The Browns convert a few first downs following the punt and tight end Ben Watson makes a hell of a catch at the Steelers 20 yard-line with Timmons in trail on the play. On the ensuing third down the Browns are flagged for holding but Mike Tomlin curiously decides to decline it. I really do not understand this decision as the Browns would have been backed up even more and the defense would have had another chance to perhaps make a splash play of some sorts and perhaps even drive them out of field goal range. Instead, Tomlin resigns himself to giving them an easy field goal.

Dwyer is now in at running back but he fumbles on first down. The Steelers have now lost 3 fumbles by three different running backs.

Worilds and Keisel combine for a first down sack and Taylor has a sure interception bounce off of his hands on third down. The Browns go from looking like they will get 3 easy pints, to instead punting.

Chris Rainey is now in the game and he fumbles after making a catch but fortunately it goes out of bounds. A few underneath passes to Sanders and Miller quickly has the offense inside the Browns 30 with less than 30 seconds remaining in the half. Batch just misses Burress across the middle, but goes back to him in the end zone on 3rd down and it draws a pass interference call. On first down from the one Rainey gets the call out of an inverted wishbone formation. He has nowhere to go up the middle but luckily is able to bounce way outside to the left for an easy touchdown. The play call wasn\’t curious, only the personnel used, as Tomlin is hell bent on teaching his other 3 running backs a lesson about fumbling at any cost.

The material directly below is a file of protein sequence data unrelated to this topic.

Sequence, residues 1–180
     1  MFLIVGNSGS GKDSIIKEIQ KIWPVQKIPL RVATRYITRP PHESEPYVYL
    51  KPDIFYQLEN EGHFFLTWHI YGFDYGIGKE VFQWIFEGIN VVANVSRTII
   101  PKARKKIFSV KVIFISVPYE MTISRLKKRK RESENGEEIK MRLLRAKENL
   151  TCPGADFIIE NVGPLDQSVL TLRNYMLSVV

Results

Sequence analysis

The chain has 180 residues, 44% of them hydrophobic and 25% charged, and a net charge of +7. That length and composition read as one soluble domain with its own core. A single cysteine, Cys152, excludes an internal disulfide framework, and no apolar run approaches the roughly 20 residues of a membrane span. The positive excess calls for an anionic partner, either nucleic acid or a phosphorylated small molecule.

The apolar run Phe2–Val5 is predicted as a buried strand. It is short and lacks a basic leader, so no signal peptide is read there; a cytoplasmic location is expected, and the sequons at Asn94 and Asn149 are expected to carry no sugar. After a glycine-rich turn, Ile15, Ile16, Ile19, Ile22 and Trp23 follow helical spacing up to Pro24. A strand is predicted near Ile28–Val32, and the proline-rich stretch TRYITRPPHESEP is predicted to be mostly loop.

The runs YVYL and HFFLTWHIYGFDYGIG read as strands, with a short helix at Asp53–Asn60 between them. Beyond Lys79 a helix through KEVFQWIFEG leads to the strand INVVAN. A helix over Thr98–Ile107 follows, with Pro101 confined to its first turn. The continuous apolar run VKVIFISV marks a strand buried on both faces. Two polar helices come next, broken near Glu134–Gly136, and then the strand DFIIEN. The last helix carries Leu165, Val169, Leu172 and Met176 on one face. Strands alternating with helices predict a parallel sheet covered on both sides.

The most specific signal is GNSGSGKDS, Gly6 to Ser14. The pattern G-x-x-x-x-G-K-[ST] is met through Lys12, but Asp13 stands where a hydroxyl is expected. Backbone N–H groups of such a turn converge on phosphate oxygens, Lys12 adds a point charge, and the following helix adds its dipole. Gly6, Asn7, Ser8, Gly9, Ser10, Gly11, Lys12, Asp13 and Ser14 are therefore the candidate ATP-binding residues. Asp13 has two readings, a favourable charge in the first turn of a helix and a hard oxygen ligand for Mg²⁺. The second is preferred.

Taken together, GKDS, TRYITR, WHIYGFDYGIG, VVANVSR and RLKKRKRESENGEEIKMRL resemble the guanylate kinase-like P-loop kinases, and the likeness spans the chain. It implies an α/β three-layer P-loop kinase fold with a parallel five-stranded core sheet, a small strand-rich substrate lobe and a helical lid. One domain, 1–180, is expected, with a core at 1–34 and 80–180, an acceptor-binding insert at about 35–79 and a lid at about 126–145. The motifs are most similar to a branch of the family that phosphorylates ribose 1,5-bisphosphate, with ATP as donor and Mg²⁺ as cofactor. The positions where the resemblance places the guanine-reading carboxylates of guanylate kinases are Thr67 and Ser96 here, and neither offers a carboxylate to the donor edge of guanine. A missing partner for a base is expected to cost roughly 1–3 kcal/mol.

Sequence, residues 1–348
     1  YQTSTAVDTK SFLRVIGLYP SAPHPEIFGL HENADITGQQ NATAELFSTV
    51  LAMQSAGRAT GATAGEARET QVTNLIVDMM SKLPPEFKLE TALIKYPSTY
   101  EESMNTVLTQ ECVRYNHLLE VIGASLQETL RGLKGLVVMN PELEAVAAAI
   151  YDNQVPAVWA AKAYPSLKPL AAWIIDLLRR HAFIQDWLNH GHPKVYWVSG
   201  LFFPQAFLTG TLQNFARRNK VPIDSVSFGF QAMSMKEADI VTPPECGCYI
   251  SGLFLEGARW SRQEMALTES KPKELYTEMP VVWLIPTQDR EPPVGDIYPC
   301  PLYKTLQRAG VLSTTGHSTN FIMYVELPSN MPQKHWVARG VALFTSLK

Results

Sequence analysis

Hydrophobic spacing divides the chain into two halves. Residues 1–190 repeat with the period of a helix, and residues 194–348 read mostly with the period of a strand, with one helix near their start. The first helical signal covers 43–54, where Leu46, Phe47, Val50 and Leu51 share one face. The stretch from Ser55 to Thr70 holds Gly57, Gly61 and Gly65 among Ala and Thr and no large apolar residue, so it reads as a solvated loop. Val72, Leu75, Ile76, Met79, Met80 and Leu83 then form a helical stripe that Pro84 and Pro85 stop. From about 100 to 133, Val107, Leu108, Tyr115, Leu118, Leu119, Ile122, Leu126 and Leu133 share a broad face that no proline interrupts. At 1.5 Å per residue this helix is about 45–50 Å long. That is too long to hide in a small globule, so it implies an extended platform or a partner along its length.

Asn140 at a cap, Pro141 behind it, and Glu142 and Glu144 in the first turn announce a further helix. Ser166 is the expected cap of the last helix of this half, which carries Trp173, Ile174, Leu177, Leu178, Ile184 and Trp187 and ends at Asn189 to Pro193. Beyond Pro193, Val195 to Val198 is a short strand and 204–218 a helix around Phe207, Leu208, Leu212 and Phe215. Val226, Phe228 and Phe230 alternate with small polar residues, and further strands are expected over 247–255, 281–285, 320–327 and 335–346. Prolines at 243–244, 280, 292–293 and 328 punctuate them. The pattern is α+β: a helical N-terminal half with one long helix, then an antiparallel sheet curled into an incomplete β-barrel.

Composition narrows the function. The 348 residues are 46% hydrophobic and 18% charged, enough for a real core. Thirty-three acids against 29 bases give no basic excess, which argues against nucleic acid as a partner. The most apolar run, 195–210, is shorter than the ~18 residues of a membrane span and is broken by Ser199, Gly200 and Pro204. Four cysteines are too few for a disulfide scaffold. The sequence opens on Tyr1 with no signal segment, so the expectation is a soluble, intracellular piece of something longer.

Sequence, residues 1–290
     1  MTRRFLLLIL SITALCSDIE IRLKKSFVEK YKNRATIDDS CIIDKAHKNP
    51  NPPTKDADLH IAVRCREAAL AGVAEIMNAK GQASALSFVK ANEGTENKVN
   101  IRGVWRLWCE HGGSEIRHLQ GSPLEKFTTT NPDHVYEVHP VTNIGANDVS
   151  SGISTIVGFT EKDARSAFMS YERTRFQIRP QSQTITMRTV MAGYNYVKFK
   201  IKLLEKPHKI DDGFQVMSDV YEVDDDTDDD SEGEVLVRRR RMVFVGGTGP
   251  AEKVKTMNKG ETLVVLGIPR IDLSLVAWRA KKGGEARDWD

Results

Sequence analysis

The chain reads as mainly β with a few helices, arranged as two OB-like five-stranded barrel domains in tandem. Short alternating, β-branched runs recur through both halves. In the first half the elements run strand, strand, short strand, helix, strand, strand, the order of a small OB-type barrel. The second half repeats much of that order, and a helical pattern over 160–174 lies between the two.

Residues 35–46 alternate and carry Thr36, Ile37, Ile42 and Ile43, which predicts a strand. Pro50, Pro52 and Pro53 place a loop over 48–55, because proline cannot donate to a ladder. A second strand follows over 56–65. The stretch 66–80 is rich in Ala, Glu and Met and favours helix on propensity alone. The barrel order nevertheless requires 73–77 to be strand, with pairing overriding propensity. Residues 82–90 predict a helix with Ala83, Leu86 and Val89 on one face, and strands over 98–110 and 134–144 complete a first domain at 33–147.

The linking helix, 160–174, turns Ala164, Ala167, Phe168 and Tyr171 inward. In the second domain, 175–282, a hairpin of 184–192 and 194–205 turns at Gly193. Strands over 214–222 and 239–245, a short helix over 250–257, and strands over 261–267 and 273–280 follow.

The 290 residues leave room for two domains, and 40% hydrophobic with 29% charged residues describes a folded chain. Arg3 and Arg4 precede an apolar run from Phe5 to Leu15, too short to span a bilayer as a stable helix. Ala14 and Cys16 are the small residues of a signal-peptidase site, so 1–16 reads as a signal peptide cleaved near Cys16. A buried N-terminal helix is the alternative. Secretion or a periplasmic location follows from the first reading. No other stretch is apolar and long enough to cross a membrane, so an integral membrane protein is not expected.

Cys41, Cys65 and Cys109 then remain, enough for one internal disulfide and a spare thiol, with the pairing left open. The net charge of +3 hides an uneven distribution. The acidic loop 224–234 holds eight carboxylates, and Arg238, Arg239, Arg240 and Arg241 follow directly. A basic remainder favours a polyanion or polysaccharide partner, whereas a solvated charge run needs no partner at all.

Regardless, the Steelers take a 14-13 lead into halftime.

I am, I'm me. 40 something, retired and a life long Steelers fan.
  • Buccos9

    It goes without saying that the number of fumbles by the RBs were unacceptable, but it’s not all their fault that they had so little success running the ball. The Browns overloaded the box a lot to stop the run, daring Batch to throw, and he was horrible. Expect the Ravens to do exactly the same thing if Batch starts on Sunday. One thing that stuck out is that the Browns defensive players were trying to strip the ball continually. And it worked. Good coaches train their players to do this. The Bears are another team that emphasizes stripping the ball and is very good at it. Good coaches also train defensive linemen to get their hands up to tip passes if they aren’t getting to the QB. The Texans are excellent at it. If the pass rush is not getting to the QB fast enough or often enough, we need to create turnovers in other ways.

  • Tim Culligan

    I think this is an example where the loss of Antonio Brown really really hurts. He is a great receiver who can play the slot, be used on screens, and turn a 8 yard catch into a 20 yard gain.

    Without him, Wallace is ineffective as he draws Joe Haden and the safety on deep routes. Sanders is effective but after that, thats it. Heath is reliable, but is on the line on 50% of the plays. And when the running game is dead, play action is really helpful at all. Especially since penalties and negative run plays created 3rd and Longs- obvious passing situations.